by Irvin Muchnick
“DOJ Human Trafficking Office Investigation of George Gibney Closes In — Which Means the Saga of the Most Notorious At-Large Sex Criminal in the History of Global Sports Is Climaxing, With a Bang or a Whimper,” February 9, 2020, https://concussioninc.net/?p=14173
“Muchnick on Ireland’s ‘Off the Ball’: We Have Everything on George Gibney ‘Except the Shoe Dropping’,” February 12, 2020, https://concussioninc.net/?p=14182
“Lissenfield — Historic Irish Site Where Skeletal Remains Turned Up — May Be Key in Establishing Link Between 1986 Philip Cairns Disappearance and George Gibney’s Social Circles,” May 24, 2020, https://concussioninc.net/?p=14499
“Justice Roderick Murphy, of the Irish Government’s Vague 1998 Report Calling George Gibney ‘The First Named Coach’ — Another Exhibit of National Cronyism,” May 28, 2020, https://concussioninc.net/?p=14503
In February, the British Broadcasting Corporation (BBC) announced the upcoming May broadcast of a podcast series entitled Where Is George Gibney?, produced in partnership with Second Captains, the Irish sports podcasting company.
Last month an Irish source told me the series launch was being delayed a month. I now notice that it is June and the promotion at secondcaptains.com has been changed to say “August 2020.”
Second Captains producer Mark Horgan has not responded to my email asking for an explanation of the delay. (Monday is a holiday in Ireland. Any future response by Horgan will be reflected in Concussion Inc.’s coverage.)
At this site, I have noted that the title of the projected podcast series asks a trivial question, insofar as the current residence of George Gibney actually has been known for years. To the best of my knowledge, Gibney still lives on Breakwater Drive in Altamonte Springs, Florida, just north of Orlando — “hiding in plain sight,” as I put it.
I recognize, of course, that the title of a podcast series is not necessarily a comprehensive mission statement, but rather just a hook for the interest of prospective listeners. As I wrote in February, the BBC Sounds series “may prove to have significant new information, or it may prove to be applying, for the umpteenth time, broadcast production values to old information. Regardless, if it turns out theirs is the voice that nudges [government action, justice, and accountability], I’ll tip my hat.”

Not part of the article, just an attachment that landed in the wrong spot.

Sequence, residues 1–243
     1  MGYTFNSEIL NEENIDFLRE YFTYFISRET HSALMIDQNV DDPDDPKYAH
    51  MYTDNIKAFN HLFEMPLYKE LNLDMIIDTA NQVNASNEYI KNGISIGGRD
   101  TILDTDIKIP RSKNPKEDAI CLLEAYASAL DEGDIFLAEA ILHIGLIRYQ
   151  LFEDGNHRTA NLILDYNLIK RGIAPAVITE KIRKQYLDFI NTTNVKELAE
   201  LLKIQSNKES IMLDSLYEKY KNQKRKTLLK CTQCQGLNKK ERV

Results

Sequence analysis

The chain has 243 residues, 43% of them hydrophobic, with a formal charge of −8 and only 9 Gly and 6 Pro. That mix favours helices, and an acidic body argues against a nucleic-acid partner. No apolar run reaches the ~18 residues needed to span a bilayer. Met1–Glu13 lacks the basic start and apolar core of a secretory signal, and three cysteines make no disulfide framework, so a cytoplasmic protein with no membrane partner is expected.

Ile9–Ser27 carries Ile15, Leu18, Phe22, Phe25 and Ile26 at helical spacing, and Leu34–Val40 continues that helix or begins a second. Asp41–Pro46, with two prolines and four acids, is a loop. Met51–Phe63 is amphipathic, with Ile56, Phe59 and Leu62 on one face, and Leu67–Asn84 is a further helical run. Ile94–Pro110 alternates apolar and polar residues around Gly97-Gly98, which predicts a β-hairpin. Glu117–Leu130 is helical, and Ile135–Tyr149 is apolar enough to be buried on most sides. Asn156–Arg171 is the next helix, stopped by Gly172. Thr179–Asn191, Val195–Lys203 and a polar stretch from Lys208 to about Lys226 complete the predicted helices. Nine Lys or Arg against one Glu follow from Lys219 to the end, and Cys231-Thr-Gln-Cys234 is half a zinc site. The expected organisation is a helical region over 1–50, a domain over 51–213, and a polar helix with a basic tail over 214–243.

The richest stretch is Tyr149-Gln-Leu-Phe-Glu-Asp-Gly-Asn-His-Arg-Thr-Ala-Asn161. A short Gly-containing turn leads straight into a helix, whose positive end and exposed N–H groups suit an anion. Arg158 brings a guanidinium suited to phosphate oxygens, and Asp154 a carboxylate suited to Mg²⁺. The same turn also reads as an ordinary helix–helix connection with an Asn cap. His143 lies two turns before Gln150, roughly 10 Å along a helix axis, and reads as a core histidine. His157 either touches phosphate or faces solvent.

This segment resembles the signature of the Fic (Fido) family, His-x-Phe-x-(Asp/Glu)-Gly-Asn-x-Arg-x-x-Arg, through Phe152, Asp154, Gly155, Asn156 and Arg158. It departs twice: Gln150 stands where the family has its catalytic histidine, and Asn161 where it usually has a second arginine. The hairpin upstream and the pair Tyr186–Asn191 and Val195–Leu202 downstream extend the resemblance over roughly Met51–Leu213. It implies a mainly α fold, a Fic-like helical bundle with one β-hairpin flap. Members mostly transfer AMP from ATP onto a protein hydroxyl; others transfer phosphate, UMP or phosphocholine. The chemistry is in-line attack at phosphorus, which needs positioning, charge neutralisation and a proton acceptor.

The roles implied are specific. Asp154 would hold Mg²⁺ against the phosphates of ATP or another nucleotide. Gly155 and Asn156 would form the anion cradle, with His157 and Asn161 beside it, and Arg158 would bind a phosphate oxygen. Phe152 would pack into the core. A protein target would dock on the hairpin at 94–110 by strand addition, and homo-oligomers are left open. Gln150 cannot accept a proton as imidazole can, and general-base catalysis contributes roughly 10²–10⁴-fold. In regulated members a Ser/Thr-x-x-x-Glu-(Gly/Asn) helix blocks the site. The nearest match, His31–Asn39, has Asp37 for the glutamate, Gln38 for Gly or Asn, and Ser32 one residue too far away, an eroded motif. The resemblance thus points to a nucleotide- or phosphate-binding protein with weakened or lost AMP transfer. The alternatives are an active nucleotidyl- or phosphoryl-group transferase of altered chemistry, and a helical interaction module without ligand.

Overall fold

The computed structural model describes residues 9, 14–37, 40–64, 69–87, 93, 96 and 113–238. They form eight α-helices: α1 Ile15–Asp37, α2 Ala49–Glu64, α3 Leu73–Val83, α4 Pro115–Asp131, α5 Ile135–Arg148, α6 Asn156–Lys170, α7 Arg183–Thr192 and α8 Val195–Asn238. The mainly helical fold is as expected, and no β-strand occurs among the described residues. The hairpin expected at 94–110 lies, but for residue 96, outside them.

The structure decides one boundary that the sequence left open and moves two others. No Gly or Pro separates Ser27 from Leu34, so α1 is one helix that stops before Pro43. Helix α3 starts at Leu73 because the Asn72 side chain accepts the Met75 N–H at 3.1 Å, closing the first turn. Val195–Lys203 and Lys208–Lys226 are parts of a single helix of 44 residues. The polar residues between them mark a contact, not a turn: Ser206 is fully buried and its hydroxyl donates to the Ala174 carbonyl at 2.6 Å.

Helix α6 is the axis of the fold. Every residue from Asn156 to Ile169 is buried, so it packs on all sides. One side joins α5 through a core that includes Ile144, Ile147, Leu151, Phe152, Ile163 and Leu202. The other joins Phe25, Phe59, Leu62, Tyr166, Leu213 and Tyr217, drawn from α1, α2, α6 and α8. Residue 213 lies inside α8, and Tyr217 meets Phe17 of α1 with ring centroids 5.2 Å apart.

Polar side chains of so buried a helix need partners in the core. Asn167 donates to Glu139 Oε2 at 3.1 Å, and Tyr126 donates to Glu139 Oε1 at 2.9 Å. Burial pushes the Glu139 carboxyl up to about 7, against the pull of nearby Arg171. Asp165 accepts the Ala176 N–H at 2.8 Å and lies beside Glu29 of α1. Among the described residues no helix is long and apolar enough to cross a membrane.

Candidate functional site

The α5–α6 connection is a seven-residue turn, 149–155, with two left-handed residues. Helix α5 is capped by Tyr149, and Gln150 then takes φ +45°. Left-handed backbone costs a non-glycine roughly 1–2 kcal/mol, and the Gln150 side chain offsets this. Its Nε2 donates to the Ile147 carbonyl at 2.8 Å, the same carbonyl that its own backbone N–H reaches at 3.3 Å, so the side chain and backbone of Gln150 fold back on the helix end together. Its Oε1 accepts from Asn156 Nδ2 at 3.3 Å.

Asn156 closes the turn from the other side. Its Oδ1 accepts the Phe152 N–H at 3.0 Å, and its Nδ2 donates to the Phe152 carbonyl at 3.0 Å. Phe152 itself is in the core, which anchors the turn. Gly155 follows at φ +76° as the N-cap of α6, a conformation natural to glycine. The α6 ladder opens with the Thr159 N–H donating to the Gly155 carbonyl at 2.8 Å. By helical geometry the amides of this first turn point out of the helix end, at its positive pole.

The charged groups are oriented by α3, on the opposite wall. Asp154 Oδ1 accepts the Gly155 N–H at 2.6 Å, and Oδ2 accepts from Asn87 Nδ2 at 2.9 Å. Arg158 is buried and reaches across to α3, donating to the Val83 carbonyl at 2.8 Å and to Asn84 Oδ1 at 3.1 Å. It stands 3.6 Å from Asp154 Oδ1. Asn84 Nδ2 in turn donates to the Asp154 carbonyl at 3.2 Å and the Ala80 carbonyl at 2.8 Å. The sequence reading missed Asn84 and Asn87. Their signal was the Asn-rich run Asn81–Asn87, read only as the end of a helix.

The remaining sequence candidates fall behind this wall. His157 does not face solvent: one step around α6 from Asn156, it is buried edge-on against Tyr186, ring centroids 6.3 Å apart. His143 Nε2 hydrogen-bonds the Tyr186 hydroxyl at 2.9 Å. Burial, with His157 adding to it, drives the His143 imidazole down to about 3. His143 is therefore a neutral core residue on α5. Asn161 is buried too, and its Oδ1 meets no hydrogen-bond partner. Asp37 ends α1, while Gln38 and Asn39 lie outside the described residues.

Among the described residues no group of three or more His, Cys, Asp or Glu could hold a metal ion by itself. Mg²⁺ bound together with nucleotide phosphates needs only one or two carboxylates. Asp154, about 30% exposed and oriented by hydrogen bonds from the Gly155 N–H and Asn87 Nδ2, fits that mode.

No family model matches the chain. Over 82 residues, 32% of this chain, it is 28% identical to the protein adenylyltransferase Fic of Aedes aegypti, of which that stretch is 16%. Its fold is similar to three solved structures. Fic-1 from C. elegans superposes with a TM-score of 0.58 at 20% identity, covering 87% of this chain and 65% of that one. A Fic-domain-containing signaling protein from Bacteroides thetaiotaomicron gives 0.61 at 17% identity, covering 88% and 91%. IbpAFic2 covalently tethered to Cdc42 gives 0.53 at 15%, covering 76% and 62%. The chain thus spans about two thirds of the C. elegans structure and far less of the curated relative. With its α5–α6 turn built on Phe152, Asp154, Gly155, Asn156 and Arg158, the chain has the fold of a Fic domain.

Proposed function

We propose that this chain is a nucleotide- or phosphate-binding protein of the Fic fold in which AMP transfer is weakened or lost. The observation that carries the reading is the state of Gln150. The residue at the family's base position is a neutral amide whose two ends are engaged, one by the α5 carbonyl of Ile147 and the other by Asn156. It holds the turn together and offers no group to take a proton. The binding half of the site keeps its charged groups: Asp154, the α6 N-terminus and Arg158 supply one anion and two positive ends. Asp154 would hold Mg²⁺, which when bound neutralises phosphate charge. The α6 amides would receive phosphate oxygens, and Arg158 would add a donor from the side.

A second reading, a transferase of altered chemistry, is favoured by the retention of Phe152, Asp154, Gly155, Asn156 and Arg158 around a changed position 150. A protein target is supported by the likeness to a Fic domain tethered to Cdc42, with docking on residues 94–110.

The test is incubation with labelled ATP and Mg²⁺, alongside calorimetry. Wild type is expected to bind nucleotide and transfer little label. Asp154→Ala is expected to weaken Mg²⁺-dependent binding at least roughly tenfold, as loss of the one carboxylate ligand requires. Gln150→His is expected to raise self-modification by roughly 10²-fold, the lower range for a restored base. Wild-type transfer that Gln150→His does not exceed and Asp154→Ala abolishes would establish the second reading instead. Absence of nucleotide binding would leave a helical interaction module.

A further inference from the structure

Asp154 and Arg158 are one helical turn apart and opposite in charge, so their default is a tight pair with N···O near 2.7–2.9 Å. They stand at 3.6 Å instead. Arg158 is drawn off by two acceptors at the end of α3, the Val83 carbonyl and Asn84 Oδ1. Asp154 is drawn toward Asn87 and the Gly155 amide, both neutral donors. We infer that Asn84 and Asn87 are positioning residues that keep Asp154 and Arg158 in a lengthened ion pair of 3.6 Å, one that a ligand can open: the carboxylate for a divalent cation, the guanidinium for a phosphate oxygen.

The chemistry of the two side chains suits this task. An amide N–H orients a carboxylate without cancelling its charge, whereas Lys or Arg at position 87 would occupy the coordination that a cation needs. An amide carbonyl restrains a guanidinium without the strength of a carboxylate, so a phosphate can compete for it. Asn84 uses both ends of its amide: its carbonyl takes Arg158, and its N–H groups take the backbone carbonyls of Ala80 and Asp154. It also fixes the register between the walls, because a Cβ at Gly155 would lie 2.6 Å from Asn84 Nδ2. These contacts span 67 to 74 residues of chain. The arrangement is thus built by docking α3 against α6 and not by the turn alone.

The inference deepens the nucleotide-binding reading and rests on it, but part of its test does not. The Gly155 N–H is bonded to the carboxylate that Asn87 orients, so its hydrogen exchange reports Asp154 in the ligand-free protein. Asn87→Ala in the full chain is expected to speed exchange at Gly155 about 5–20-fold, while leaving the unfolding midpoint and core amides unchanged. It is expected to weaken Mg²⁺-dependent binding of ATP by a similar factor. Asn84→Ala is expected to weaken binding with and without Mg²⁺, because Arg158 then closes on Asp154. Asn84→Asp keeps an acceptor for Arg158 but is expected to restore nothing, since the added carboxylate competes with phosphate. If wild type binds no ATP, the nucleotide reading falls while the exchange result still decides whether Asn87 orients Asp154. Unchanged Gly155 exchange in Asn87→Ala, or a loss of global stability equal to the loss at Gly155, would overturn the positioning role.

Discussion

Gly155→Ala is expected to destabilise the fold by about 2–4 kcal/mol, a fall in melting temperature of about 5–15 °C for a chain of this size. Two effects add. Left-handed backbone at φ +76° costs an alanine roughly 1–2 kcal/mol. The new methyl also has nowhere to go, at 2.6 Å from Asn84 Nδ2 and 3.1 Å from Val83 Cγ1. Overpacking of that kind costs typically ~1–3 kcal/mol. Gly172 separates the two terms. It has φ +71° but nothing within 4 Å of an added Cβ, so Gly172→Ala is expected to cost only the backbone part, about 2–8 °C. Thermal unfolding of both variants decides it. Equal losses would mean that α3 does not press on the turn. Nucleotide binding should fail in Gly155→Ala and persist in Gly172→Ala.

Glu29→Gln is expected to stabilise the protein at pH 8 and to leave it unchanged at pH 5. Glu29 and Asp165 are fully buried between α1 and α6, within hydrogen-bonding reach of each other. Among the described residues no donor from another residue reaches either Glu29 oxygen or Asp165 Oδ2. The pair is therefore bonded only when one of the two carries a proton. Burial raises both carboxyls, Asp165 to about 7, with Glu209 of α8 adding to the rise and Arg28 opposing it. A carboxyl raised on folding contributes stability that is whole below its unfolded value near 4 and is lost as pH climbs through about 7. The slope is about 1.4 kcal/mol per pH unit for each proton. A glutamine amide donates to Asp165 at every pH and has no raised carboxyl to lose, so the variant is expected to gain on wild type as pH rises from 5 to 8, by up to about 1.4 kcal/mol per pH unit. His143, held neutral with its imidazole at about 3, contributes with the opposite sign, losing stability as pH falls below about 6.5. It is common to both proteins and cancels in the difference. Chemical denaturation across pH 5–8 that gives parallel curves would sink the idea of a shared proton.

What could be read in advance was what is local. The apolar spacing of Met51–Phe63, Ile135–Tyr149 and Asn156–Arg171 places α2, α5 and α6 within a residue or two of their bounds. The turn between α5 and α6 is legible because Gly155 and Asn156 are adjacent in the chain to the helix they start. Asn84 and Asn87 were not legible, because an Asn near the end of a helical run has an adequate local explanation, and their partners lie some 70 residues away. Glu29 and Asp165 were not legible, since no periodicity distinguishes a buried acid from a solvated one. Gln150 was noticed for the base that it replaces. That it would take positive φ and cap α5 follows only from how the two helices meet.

Meanwhile, the Irish Daily Star has reported that Gibney’s disgraced cohort Ger Doyle died last Friday at 59. The newspaper story, under the headline “PAEDO [pedophile] OLYMPIC COACH DIES,” does not run down Doyle’s connections to Gibney and the widespread coach sexual abuse scandals in the Irish swimming program that brought about the dissolution of the Irish Amateur Swimming Association (IASA) in 1998 and its rebranding as Swim Ireland.
Like coaching colleague Derry O’Rourke, Doyle served prison time for molesting youth swimmers. Another leading coach and IASA official, Frank McCann, was imprisoned for the murder of his wife and their baby daughter, by means of burning down their house — his way to conceal from her knowledge of his rape and impregnation of an underage girl.
In 2016, reviewing all this history in a ruling in my favor in my Freedom of Information Act lawsuit against the Department of Homeland Security for material from Gibney’s immigration files, U.S. District Court Judge Charles R. Breyer wrote that Gibney was the one who “got away.” At the final hearing, addressing Gibney’s continued presence in this country despite a failed application for naturalized citizenship in 2010, Breyer said from the bench: “I have to assume that if somebody has been charged with the types of offenses that Mr. Gibney has been charged with, the United States, absent other circumstances, would not grant a visa. We’re not a refuge for pedophiles.”
In 2017, a woman in Ireland contacted Concussion Inc. with a previously unreported instance of allegations of sex crimes by Gibney: his molestation of her in 1982, at age 11, during a private swimming instruction at the pool of Dublin’s exclusive Burlington Hotel. In the account of the alleged victim, “Julia,” Ger Doyle was working as the “lifeguard” at the pool and looked on.
A corporate spokesperson for the Dalata Hotel Group, current owner of the property, which is now named the Clayton Hotel Burlington Road, said there was no longer a swimming pool on the site and suggested there never had been. However, the online Irish news source Broadsheet quickly unearthed an archival newspaper story establishing that the hotel did, indeed, house an aquatics complex at the time in question.
Further, the story featured a photo of Gibney there alongside youth swimming star Gary O’Toole, who went on to become Ireland’s leading Olympic swimmer of the late 1980s and early 1990s. See https://concussioninc.net/?p=12080; https://concussioninc.net/?p=12083.
Though never personally a victim, O’Toole would learn of Gibney’s abuse of Chalkie White and others. O’Toole would become a key whistleblower and organizer of the push to bring individual coaches to justice and to reform the national swimming program.